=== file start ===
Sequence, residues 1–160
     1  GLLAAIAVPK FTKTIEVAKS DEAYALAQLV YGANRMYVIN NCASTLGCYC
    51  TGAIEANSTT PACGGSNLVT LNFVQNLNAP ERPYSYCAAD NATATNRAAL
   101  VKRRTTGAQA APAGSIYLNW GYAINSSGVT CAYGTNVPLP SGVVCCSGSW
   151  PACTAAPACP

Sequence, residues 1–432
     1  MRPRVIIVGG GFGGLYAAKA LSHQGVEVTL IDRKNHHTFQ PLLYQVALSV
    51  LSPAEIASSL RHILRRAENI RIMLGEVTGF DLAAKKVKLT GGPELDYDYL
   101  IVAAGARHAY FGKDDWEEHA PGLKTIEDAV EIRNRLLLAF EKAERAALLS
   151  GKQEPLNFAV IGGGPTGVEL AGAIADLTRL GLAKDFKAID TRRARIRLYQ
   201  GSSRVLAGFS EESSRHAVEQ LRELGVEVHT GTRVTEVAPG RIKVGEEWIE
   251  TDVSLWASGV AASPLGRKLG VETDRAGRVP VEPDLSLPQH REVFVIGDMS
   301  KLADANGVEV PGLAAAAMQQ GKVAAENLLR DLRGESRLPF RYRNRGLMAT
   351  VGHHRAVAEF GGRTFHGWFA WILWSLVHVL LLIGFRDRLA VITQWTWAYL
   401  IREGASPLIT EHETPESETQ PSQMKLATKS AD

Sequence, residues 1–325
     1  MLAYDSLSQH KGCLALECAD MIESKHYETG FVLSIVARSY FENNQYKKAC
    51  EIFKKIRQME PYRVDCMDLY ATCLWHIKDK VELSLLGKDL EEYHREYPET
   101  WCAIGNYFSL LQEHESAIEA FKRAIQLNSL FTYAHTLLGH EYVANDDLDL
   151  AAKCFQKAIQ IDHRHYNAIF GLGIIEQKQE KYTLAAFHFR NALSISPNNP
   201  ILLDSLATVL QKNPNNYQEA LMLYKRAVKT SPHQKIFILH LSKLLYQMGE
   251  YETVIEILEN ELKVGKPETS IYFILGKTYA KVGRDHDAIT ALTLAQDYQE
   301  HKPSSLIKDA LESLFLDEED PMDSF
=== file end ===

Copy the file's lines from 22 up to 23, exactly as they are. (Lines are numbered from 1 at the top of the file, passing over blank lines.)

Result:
   251  YETVIEILEN ELKVGKPETS IYFILGKTYA KVGRDHDAIT ALTLAQDYQE
   301  HKPSSLIKDA LESLFLDEED PMDSF